8 Easy Fertility Boosters

Changing your lifestyle even slightly may not be exactly easy, but when considering the benefits of a healthy pregnancy, these 8 ways  to increasing fertility are not too much to ask! WebMD explores ways to raise your chances of becoming pregnant, according to fertility specialists. These are the recommended measures to try before turning to assisted reproduction:

1. For  Her: Weight Control

If you are underweight or overweight, it may take longer for your body to conceive.  According to one study, women who are overweight (BMI of 25-39) took twice as long to get pregnant. But being underweight is even worse! Having a BMI below 19 increased the time to conception fourfold.

2. For Him: Lower the heat

Wearing tight underwear or sitting on hot car seats may not affect your sperm viability, but regular sessions in the hot tub may.  Researchers have also found raised scrotal temperatures when guys use their laptops on their laps, which may harm sperm. Another study speculates that keeping your cell phone in your pants pocket in talk mode may negatively affect spermatozoa and impair male fertility. So if you want to be a dad, you might as well put the laptop on a table, and keep your cell phone out of ur pants pocket!

3. For Her: Drink in Moderation

Drinking too much coffee (more than 5 cups a day/500 mg of caffeien- including tea and soda) or too much alcohol (2 drinks a day) can impair a woman’s fertility.  Moderate coffee drinking seems to be OK, but keep it under 200 – 250 milligrams of caffeine a day. Obviously, once you become pregnant you should cut the alcohol out of your diet.

4. His & Her: No Smoking

Research shows that smoking cigarettes can impair both a woman and a man’s fertility.  In women, it affects how receptive the uterus is to the egg. In men, smoking can reduce sperm production and damage DNA. Smoking while pregnant can result in a host of potential problems including miscarriage.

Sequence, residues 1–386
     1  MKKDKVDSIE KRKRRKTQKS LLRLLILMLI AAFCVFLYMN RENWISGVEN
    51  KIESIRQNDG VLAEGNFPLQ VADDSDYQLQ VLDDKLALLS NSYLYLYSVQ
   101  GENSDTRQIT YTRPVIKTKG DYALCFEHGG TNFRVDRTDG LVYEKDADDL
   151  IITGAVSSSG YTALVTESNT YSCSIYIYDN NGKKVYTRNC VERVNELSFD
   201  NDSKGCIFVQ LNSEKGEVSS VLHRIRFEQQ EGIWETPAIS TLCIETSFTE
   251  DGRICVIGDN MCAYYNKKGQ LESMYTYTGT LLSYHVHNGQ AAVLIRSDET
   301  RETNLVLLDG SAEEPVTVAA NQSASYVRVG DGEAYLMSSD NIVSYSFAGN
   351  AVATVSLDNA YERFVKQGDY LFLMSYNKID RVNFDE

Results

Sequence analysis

5. His & Her: Timing of Sex

The “fertile window” is defined as the six-day interval ending on the day of ovulation.” And the 3 days before ovulation are when pregnancy is most likely to occur.

Patients often wait until the day of ovulation or later to have intercourse, says Richard Paulson, MD, but his advice is, “Err on the early side.”  To track ovulation, figure that it usually occurs about 14 days before your period is due. You can also use an ovulation predictor kit or the calendar method.

6. His & Her: Frequency of Sex

The more often the better! Delaying intercourse until your body is in the “fertility window” is counter-productive. After about a week of not having sex, the sperm count goes up a bit, but the motility (swimming ability) decreases. Daily lovemaking is best, but not always practical, so ever-other-day or as-often-as-you-can is also good.

7. His & Her: Check your Lubricant

Some lubricants contain spermicides, which actually decrease fertility. Even commercially available water-based lubricants, such as Astroglide, KY Jelly, and Touch may inhibit sperm motility by 60% -100% within 60 minutes of incubation.  So what to use? Canola oil, or even peanut oil, the experts suggest!

8. His & Her: Avoid Chemical Exposure

Men and women’s fertility may be harmed by exposures to pesticides, especially agricultural pesticides.  And women’s fertility can be affected by exposure to some solvents and toxins — including those used in printing businesses and dry cleaning establishments.

For more info on any of these 8 tips, visit WebMD.

feature image from focus photography.

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